0 No data input for this Command, Display ONLY
1 Data input required from the keypad or scanner
2 Only keypad input allowed, start un-shifted
3 Only keypad input allowed, start SHIFTED
4 Only scanner input allowed
5 Only accept YES (Enter key) or NO (0 key) keypad response. (Terminal sends 1 for YES, 0 for NO)
A same as 1, but time stamped as prefix (hhmmss)
B same as 2, but time stamped as prefix (hhmmss)
C same as 3, but time stamped
D same as 4, but time stamped
E same as 4, but can press END key to break-out of scanner-only input mode. Terminal ID + CR is sent to host
S SHIFTED keypad input or scanner input
p un-shifted keypad entry with no display (for passwords)
P SHIFTED keypad entry with no display (for passwords)
R Data input required from the RS-232 serial port (waiting for serial input can be bypassed by pressing the ENTER key which will send a NULL data string back to host computer.)Uses for this are PDF 417 Serial Scanners, and the Cameo Printer's magnetic stripe input. A POS terminal becomes possible. Scan the credit card and print the receipt, all on the RF Terminal.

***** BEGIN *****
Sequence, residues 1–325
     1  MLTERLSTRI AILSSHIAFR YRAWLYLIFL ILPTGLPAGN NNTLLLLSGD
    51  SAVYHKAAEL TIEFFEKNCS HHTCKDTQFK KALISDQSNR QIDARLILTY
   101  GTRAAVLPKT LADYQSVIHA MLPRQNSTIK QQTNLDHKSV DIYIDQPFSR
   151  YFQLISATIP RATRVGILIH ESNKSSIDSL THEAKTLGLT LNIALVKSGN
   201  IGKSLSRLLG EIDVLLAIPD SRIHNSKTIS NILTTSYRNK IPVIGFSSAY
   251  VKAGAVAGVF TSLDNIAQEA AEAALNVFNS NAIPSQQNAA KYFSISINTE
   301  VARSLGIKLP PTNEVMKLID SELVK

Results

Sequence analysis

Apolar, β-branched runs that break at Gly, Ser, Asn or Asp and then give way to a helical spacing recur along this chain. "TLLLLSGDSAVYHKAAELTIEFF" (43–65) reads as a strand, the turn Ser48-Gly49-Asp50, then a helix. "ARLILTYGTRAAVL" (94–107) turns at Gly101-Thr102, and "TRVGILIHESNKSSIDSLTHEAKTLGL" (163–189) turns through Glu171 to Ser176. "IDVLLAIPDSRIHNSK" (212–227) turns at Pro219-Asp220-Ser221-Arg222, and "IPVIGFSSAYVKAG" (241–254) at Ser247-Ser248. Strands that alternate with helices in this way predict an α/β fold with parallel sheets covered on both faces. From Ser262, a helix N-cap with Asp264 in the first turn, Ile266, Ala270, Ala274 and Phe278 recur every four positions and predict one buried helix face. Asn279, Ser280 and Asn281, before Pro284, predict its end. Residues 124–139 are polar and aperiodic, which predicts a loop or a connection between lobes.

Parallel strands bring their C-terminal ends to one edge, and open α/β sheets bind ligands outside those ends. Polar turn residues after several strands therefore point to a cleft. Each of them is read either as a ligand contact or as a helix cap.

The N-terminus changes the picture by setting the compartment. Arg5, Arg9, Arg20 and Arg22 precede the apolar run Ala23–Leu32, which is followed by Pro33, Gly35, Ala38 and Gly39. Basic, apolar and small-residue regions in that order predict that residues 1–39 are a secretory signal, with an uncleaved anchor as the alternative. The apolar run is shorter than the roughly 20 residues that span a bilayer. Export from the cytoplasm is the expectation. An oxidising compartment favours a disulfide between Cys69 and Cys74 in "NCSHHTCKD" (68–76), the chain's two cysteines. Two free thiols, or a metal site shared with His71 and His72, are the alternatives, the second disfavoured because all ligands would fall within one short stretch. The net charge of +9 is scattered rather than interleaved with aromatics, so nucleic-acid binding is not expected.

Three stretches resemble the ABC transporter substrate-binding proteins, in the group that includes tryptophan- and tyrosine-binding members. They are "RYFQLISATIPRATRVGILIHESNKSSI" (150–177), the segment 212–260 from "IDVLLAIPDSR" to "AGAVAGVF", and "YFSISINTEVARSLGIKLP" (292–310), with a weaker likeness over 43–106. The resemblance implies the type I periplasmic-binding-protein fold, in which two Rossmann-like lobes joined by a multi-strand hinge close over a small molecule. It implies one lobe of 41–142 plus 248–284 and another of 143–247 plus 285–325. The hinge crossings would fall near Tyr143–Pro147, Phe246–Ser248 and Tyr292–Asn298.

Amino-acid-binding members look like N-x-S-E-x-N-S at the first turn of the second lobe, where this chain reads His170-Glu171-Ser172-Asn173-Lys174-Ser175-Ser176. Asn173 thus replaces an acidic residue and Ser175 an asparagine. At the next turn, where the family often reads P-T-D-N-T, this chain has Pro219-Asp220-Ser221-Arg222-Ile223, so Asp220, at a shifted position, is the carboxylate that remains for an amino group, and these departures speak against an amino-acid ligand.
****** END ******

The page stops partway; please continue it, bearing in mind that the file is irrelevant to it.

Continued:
K Data input from an external serial keyboard that attaches to the serial port. As data is keyed, the characters are displayed on the RF Terminal LCD display.

Here are some rules and useful tips for creating commands:

. Re-initialize commands *@, or x@ clear the buffer for terminals in the Base Station. Following a re-initialization, the host program should re-display of all the screen data necessary to start the application.

. A message with multiple commands is legal and useful. For example, the command "@1,1,0, PLEASE ENTER@2,1,1,QTY" would display PLEASE ENTER on line 1, display QTY on line 2, then wait for data input. All 4 lines can be filled with one message.